Exercise 3LC2. Binary response model: Tower of London tests (226 individuals in 118 families)



This data set (tower1.dat) is from Rabe-Hesketh and Skrondal (2005). Rabe-Hesketh, Touloupolou and Murray (2001) estimated a multilevel cognitive performance model on 3 groups: (1) subjects with schizophrenia; (2) subject’s relatives and (3) control subjects. The Tower of London test was used to assess cognitive performance. The responses have a 3-level structure, i.e. occasion i for subject j in family k. The test was repeated at 3 different levels of difficulty.  The binary response dtlm takes the value 1 if each test was completed in the minimum number of moves and 0 otherwise. The same data were used by Rabe-Hesketh and Skrondal (2005, exercise 7.2).



Rabe-Hesketh, S., Toulopoulou, T. and Murray, R. (2001). Multilevel modeling of cognitive function in schizophrenic patients and their first degree relatives. Multivariate Behavioral Research 36, 279-298.

Rabe-Hesketh, S., and Skrondal, A., (2005), Multilevel and Longitudinal Modelling using Stata, Stata Press, Stata Corp, College Station, Texas.


Data description


Number of observations = 677

Number of level-2 cases (‘id’ = subject identifier) = 226

Number of level-3 cases (‘famnum’ = family identifier) = 118


The tower1.dat includes the variables:


id= subject identifier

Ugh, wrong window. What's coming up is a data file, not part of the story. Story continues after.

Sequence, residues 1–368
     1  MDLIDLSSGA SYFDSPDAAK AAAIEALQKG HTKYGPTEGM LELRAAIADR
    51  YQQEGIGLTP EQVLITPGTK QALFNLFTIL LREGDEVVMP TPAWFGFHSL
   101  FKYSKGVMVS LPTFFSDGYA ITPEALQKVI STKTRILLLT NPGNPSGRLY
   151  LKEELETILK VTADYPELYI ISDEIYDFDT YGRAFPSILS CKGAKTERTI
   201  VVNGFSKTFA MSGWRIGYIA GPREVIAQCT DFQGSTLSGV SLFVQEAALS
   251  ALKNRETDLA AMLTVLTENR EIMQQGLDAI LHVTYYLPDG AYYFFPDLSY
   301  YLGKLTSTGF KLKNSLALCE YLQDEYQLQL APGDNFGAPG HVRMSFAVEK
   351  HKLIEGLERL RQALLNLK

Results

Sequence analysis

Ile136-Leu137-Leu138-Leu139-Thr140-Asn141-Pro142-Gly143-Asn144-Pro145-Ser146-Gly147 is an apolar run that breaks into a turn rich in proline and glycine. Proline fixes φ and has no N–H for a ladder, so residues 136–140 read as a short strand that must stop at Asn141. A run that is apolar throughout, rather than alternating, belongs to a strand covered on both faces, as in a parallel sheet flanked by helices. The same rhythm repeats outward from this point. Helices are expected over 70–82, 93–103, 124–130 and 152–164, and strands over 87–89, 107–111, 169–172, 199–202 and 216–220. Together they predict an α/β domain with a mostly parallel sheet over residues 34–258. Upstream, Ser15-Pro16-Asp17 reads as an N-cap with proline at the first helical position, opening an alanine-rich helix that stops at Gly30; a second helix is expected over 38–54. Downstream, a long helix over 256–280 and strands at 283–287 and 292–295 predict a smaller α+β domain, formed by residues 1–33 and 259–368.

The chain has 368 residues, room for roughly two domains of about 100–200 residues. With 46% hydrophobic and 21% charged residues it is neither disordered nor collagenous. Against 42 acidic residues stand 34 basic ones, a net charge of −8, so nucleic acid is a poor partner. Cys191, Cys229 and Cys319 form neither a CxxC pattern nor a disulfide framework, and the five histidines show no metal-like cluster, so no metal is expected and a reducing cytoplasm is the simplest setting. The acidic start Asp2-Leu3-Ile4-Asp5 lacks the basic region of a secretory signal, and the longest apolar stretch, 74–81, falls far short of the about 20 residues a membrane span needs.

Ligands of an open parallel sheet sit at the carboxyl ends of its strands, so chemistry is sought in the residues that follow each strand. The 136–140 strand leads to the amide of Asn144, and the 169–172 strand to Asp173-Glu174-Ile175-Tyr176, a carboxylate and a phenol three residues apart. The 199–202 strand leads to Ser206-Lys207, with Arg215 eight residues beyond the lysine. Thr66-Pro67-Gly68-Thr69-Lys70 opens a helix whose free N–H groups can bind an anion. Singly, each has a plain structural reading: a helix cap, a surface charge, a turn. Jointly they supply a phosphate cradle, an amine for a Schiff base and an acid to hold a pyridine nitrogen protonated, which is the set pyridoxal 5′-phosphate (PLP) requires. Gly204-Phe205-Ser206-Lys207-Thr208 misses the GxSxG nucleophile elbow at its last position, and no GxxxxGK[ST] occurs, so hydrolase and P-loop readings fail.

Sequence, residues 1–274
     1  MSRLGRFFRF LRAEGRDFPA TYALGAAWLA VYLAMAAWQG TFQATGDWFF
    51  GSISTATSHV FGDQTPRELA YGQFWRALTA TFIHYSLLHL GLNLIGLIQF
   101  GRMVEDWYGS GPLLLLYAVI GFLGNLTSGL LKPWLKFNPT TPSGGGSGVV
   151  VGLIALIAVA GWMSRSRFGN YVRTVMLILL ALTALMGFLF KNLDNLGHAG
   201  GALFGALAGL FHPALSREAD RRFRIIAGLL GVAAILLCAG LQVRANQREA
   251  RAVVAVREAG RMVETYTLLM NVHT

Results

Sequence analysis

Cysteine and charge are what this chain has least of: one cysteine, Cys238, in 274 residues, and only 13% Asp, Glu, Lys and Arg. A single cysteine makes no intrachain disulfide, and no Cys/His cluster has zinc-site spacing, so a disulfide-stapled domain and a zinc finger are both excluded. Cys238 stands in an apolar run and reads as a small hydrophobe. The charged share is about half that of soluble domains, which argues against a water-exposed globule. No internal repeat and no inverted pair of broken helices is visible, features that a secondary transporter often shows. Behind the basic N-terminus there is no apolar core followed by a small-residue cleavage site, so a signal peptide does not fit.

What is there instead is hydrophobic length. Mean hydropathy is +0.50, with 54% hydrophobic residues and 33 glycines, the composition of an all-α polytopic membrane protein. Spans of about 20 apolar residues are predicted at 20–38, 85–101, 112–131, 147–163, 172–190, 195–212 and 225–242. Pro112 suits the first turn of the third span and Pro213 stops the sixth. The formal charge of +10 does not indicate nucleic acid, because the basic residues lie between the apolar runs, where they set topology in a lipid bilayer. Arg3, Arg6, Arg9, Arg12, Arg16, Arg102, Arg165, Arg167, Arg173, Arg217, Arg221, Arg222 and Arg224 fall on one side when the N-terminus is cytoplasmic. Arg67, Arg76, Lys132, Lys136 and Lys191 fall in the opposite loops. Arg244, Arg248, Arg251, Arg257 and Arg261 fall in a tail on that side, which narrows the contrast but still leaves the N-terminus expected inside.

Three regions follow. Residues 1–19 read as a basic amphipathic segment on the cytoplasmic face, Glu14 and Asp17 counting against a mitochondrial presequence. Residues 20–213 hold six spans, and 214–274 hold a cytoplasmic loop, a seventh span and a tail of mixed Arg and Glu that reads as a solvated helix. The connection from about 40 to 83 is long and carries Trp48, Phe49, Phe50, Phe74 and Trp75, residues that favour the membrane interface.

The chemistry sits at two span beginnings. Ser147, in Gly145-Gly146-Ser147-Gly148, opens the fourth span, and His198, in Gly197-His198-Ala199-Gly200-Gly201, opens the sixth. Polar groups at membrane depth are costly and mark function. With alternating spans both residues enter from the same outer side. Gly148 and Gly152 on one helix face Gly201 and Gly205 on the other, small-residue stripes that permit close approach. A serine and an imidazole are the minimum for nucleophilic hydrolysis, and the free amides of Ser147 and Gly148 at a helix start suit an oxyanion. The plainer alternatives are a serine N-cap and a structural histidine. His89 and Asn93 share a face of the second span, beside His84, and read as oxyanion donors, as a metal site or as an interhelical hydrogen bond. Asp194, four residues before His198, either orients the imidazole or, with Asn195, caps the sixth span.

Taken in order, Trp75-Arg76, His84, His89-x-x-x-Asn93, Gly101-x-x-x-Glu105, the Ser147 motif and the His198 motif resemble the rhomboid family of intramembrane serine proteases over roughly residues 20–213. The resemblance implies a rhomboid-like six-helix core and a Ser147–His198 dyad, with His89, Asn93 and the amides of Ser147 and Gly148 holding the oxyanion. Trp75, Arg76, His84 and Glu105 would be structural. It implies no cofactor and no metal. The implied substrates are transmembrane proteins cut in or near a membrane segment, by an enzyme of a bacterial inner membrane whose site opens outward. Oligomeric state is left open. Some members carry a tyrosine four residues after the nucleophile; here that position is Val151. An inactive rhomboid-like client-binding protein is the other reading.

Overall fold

level=  level of difficulty of the Tower of London test                           

famnum= family identifier  

group=  group (1:controls, 2:relatives, 3:schizophrenics) 

age= subject’s age (years)

dtlm= indicator for completing the task in the minimum number of moves  



The first few lines of tower1.dat look like:




Suggested exercise:


1.    Estimate a logit model (without random effects) for the binary response dtlm with the covariate level, and dummy variables for group=2 and group=3.

2.    Allow for the level-2 subject random effect (id), use mass 12. Is this random effect significant?

3.    Allow for both the level-2 subject random effect (id), and for the level-3 family random effects (famnum), level 3 use mass 12 for both levels. Are both these random effects significant? Is this model a significant improvement over the model estimated in part 2 of this exercise?

4.    How did your results on group2 and group3 change when you allowed for subject (level 2) and then family (level 3) effects?